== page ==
Two military cadets could face jail over the Australian Defence Force Academy Skype sex scandal.
Daniel McDonald, now 21, and Dylan Deblaquiere, 20, went on trial last week after McDonald had sex with a fellow military recruit in March 2011 and broadcast it live on Skype to Deblaquiere's room.
The jury in their ACT Supreme Court trial found both guilty on Wednesday of using a carriage service in an offensive manner and McDonald guilty of committing an act of indecency.
McDonald's counsel had argued the victim, who cannot be named for legal reasons, was aware she was on webcam and repeatedly looked at a nearby open laptop during sex.
But the woman, now 20, insisted she didn't give McDonald permission to use Skype to transmit their tryst to the nearby room where other cadets were watching.
The court was told she and McDonald had entered a "friends with benefits" arrangement, with rules including that no one should know about their sexual relationship.
She admitted she had consensual sex with McDonald and knew she was breaking college fraternisation rules by doing so.
But she told the jury she was shocked after discovering she had been broadcast having sex.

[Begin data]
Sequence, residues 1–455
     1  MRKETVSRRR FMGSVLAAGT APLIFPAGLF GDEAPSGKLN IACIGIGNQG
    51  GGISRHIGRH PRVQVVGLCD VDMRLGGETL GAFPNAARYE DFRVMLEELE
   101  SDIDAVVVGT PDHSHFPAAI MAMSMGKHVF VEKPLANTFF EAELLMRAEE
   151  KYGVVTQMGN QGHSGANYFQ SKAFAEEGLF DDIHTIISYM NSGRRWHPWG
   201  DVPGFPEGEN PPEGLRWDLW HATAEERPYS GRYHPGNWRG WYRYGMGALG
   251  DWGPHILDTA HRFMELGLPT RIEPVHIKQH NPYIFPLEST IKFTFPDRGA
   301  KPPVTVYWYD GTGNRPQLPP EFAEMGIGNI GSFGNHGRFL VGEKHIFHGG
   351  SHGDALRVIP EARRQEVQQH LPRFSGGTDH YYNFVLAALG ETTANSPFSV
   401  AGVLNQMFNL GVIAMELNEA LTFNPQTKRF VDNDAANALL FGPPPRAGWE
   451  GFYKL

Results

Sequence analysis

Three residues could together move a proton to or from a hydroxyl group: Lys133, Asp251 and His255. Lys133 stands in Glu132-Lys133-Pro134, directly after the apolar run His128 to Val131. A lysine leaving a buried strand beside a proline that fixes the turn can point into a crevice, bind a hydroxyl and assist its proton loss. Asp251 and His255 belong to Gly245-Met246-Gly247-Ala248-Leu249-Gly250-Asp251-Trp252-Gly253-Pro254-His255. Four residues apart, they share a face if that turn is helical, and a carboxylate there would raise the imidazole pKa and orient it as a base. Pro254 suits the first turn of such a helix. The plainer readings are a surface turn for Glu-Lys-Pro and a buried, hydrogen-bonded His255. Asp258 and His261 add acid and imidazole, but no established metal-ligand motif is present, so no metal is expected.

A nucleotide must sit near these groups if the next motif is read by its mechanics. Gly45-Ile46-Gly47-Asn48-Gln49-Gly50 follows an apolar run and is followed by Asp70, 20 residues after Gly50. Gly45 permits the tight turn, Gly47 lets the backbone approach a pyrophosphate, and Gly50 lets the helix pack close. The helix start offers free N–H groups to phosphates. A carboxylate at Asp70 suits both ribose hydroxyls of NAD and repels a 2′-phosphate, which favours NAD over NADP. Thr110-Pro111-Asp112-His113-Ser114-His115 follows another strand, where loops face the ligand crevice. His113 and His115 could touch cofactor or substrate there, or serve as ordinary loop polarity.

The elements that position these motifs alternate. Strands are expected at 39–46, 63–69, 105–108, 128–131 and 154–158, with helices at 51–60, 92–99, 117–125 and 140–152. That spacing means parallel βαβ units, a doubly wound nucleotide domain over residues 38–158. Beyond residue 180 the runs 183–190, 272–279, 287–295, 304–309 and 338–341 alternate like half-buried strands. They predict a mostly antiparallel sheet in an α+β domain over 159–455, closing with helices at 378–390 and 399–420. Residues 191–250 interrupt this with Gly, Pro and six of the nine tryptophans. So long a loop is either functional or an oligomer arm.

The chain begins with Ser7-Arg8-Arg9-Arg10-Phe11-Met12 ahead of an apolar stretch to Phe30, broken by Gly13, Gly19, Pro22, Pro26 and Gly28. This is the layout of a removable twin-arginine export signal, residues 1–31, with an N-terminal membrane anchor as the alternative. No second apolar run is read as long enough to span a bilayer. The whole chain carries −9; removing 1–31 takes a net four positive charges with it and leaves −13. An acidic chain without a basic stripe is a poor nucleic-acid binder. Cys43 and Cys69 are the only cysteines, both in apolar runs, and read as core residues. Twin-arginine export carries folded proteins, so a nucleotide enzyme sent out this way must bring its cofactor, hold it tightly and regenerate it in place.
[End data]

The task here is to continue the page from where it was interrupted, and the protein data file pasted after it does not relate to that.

"I broke the rules, yes, but I did not agree to be filmed or violated in the way that I was," she said during the trial.
She was told about the live transmission by a senior military investigator two days after it occurred, and after learning inquiries into the matter had stalled, the woman granted a television interview.
Hours after that television interview, she met with ADFA commandant, Commodore Bruce Kafer.
"We discussed the fact that I had gone to the media and basically he told me how much trouble I had caused," the woman said during the trial.
She told the Ten Network justice had been served and she could move on.
The prosecution reportedly plans to seek prison terms for the pair, who will be sentenced on October 14.
Slater & Gordon military compensation lawyer Brian Briggs said the woman's courage had resulted in real change.
"From her pain and suffering, which must have weighed heavily on her over the past two years, and from her bravery coming forward, we have seen real reforms in the way the thousands of victims of abuse in the military are treated," he said in a statement.
Mr Briggs said the government took positive steps by establishing a number of inquiries, the Defence Abuse Response Taskforce and the Reparation Scheme.
More recently, the Sexual Misconduct Prevention and Response Office was established.